Group files motion to halt addition of citizenship question to 2020 census

Group files motion to halt addition of citizenship question to 2020 census

The Lawyers’ Committee for Civil Rights Under Law filed a motion Friday seeking to prevent Commerce Secretary Wilbur RossWilbur Louis RossMulvaney positioning himself to be Commerce Secretary: report The Hill's Morning Report — Presented by T-Mobile — Turbulence in the West Wing as shakeup looms On The Money: Amazon taps New York, Northern Virginia for new offices | What it means for the DC area | Dems target vulnerable commerce chief | Earmarks look to be making a comeback MORE from adding a citizenship question to the 2020 census, the group said in a press release Saturday. 

The group, along with Public Counsel and pro bono law firm Manatt, Phelps & Phillips, filed the motion on behalf of the City of San Jose and the Black Alliance for Just Immigration in the Northern District of California, according to the release.

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“This is an important motion, intended to get an expeditious ruling from the Court to stop this ill-conceived action by [Commerce] Secretary [Wilbur] Ross in its tracks,” Ezra Rosenberg, co-director of the Voting Rights Project at the Lawyers’ Committee for Civil Rights Under Law, said.

“The Trump Administration has broken all the rules by attempting to subvert the basic principle of the Census and our democracy — that everyone counts and is to be counted,” said Mark Rosenbaum, director of Public Counsel Opportunity Under Law. “Our motion seeks to upend the covert plan of Secretary Ross to make the Census a partisan weapon of lies and fearmongering by deliberately undercounting the American population.”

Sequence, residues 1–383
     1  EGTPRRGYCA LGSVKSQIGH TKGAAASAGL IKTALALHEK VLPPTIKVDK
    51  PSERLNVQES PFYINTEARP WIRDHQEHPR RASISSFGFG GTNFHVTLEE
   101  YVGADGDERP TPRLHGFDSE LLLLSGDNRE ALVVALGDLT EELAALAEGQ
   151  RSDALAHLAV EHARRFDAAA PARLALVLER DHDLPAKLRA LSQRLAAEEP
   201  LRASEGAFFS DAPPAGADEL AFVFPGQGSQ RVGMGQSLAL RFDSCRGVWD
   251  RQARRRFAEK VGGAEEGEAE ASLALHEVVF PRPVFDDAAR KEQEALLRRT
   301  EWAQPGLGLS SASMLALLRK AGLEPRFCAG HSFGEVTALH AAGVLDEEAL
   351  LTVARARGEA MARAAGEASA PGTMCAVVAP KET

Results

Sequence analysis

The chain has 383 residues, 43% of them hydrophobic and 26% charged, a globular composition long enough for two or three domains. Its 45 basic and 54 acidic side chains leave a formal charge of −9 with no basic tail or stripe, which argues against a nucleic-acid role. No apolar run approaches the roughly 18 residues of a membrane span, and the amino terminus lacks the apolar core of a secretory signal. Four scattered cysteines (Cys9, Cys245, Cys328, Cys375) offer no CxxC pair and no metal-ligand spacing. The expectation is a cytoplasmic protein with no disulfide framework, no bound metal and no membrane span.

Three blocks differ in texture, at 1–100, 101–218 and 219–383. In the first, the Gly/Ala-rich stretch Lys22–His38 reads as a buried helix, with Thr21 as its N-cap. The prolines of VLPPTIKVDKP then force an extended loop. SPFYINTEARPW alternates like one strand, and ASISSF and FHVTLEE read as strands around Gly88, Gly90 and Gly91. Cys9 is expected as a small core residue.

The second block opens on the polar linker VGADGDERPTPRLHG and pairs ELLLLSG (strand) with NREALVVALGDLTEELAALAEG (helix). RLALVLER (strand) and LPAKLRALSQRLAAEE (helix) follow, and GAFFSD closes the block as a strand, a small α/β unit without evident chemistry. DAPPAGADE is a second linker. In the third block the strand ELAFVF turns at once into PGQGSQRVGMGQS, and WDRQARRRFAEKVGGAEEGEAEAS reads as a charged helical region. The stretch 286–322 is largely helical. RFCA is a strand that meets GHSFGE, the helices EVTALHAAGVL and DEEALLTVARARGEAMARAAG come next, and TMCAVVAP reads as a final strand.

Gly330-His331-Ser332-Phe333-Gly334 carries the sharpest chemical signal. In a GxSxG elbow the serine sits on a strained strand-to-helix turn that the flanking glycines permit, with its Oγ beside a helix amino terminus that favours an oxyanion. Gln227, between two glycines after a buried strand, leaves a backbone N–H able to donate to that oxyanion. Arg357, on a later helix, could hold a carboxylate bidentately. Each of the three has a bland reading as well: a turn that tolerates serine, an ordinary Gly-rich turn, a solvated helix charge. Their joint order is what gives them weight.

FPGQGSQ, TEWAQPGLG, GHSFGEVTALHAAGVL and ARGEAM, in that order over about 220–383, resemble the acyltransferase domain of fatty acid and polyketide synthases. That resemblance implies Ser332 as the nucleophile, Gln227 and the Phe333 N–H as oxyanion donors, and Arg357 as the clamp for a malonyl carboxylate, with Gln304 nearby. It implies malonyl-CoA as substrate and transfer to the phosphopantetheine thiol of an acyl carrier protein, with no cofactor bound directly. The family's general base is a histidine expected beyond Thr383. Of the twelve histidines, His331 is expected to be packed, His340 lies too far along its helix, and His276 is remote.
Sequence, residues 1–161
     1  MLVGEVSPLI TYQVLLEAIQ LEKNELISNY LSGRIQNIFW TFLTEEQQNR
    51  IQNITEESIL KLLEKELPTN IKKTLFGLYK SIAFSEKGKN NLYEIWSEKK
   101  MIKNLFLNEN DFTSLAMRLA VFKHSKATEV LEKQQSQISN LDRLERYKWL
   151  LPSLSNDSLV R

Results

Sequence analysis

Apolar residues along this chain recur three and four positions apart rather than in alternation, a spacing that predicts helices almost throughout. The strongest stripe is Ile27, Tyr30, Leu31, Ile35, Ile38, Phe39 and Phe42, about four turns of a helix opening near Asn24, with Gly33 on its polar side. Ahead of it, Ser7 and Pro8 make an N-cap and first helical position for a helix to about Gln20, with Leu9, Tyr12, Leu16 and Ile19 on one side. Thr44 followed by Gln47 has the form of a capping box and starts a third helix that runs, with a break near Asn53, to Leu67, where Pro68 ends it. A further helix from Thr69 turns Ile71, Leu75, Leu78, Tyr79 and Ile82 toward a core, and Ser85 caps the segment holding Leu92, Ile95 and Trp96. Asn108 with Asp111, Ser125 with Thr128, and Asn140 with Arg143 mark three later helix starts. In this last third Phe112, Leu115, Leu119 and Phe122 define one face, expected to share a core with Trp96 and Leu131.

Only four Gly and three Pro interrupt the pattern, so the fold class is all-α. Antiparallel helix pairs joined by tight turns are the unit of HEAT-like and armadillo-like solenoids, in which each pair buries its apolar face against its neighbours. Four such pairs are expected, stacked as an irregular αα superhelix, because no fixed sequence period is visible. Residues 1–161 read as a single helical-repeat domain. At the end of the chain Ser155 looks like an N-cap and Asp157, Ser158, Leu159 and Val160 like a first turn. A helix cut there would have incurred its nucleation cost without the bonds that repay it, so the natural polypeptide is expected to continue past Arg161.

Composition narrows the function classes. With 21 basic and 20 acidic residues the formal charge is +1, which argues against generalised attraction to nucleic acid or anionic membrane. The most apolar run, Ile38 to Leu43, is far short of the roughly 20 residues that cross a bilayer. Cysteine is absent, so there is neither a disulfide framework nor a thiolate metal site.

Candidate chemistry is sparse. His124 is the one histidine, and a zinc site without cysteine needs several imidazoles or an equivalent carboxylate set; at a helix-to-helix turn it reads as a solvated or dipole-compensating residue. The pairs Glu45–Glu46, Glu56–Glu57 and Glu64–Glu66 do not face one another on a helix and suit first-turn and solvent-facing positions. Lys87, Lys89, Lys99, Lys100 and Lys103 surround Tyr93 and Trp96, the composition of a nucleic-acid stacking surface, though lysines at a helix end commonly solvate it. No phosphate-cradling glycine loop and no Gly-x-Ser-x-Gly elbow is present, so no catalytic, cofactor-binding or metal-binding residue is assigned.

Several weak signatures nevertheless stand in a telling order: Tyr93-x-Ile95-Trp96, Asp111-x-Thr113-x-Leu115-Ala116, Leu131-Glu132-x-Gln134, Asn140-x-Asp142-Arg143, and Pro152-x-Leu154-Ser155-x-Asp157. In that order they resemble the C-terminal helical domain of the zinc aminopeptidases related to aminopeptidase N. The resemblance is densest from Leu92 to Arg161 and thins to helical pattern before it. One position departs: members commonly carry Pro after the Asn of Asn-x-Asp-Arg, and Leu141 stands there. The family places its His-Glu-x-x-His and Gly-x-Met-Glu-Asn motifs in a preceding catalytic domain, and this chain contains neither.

The Department of Commerce announced earlier this year its intentions to include a question asking the citizenship status of every respondent. Critics say the question would scare away people in immigrant communities from responding, skewing an accurate population count, which could impact how congressional districts are drawn and federal funding is divided.

The Supreme Court on Friday refused a request from the Trump administration to postpone a trial in lawsuits challenging its decision to add the citizenship question.

The government had asked the court to delay the trial until it resolves a dispute about whether Ross and another high-ranking administration official can be questioned under oath.

The trial is set to start Monday and stems from a lawsuit 17-blue leaning states and a handful of cities brought against the administration. The case was consolidated with a separate challenge brought by immigrant rights groups.

The challengers hope to question Ross and other officials about their decision to add the citizenship question, but the government has argued the challengers should not be able to probe their thought processes to see if they harbor racial animus. 

Solicitor General Noel Francisco said in his request to the court that proceeding to trial would “unavoidably distract the government, including the Commerce Department, from the energetic performance of its constitutional duties.”